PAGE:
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As the term once in a lifetime implies almost anyone can get a once in a lifetime shot once. The question is how to get one again and again and again.
There is a lot more to producing a stunning landscape image than having your camera and being in the right place at the right time then pressing a button. That said being in the right place at the right time is a critical aspect of the big picture. (Big picture, get it?) The question is how to be in the right place at the right time?
I suppose you could bring your camera with you everywhere you go and when you observe a scene develop just stop what you are doing and shoot away. To an extent I do just that but the reality is that bringing a large expensive camera body, a couple lenses and a tripod with you everywhere is just not practical. Every so often I have my equipment with me and stumble upon the perfect lighting along with a perfect subject to shoot. The blind squirrel analogy comes to mind here. I was driving down an urban parkway in the rain when the clouds broke open and Mother Nature blessed me with an hour and a half of some of the most amazing lighting I have ever seen and I had a decent camera with me and the time to use it. This image is one of hundreds I shot in that 90 minutes. Sometimes it works out that way but the reality is bringing your kit with you when you are out running errands is just not always practical and leaving thousands of dollars worth of equipment in your car all the time is almost asking for it to be stolen.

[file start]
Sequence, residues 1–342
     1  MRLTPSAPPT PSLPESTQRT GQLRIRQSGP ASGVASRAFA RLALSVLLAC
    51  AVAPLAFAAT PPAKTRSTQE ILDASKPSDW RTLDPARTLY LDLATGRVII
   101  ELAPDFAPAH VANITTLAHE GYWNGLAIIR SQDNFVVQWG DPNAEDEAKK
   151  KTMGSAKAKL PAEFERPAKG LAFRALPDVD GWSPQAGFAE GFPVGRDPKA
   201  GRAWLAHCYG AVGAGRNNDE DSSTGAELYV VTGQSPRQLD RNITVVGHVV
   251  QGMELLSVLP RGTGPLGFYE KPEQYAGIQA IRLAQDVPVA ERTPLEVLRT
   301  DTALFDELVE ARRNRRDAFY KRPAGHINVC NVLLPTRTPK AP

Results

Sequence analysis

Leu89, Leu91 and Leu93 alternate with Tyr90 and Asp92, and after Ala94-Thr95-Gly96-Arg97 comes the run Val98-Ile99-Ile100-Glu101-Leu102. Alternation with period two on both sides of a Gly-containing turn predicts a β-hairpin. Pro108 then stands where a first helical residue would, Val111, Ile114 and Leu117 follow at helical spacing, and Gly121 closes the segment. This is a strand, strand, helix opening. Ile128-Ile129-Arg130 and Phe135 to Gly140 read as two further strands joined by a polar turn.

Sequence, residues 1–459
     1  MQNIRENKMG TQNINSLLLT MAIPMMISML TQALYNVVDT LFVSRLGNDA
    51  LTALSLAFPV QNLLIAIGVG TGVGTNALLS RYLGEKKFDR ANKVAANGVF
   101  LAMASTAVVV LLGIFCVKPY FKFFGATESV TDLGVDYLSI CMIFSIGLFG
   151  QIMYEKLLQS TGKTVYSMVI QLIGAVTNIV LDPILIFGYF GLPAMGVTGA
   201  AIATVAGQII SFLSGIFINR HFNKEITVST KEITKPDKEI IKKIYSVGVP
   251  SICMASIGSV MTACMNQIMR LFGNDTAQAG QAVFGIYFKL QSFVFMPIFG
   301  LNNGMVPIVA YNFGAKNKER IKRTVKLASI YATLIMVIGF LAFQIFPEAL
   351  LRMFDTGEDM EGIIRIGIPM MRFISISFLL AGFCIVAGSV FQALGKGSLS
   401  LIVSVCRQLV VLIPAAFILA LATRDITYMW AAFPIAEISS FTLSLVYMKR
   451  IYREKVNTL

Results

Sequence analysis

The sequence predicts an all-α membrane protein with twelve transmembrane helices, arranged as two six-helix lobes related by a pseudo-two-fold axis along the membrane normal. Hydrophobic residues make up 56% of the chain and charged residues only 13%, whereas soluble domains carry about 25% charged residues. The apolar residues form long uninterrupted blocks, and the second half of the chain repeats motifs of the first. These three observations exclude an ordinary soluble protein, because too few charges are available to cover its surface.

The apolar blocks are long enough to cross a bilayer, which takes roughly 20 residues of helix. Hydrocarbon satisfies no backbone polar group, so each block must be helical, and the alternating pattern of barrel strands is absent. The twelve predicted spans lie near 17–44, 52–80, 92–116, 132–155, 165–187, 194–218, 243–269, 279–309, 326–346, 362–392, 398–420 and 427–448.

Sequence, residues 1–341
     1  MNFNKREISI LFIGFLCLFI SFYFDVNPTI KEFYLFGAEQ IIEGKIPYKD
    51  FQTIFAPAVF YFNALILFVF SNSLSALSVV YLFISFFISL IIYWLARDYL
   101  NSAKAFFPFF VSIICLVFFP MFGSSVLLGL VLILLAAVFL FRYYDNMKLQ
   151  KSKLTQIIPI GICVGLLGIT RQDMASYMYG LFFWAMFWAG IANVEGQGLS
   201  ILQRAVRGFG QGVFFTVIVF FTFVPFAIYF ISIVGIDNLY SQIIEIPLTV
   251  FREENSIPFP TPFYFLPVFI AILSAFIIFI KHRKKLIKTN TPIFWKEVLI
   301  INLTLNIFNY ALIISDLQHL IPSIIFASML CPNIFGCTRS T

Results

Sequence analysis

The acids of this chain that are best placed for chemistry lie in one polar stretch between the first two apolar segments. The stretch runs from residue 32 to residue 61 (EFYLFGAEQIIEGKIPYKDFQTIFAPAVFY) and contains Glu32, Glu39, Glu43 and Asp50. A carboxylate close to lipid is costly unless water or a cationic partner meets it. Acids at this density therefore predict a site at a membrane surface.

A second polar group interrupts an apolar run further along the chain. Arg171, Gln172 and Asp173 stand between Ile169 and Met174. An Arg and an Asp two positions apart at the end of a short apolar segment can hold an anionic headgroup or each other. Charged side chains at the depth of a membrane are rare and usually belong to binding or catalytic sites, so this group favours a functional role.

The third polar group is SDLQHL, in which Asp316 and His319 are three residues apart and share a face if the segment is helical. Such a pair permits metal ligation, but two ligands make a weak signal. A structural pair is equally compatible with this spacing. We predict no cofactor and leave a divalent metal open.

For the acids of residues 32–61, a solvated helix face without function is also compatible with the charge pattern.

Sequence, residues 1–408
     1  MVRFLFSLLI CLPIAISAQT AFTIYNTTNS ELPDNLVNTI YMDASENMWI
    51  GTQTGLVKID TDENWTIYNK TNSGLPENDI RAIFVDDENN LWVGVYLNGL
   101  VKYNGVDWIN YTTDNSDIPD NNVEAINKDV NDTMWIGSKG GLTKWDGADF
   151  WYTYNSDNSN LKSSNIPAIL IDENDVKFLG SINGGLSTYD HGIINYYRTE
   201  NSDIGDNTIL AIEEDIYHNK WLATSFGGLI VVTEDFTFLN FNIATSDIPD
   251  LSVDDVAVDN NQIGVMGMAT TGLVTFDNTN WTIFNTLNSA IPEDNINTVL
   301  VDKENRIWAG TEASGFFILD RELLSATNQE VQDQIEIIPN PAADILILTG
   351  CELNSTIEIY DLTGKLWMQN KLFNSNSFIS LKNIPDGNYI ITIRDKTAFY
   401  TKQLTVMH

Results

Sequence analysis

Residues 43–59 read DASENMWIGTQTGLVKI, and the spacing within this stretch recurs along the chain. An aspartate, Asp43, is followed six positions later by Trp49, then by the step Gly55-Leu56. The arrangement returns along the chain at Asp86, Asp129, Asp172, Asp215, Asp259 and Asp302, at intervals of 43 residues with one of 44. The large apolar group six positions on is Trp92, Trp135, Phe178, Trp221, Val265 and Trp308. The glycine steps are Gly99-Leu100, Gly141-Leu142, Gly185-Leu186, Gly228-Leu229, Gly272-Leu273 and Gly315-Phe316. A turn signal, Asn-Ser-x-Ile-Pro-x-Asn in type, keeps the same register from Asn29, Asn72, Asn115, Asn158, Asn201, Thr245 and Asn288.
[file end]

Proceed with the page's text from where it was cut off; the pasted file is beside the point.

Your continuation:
If we can’t reliably count on stumbling upon these scenes that means we have to do some planning. Broadly speaking there are two types of plans I make. There are places and scenes I am familiar with and then there are places I have never been before. In today’s post we will explore the planning involved to get “The Shot” in an area you are familiar with.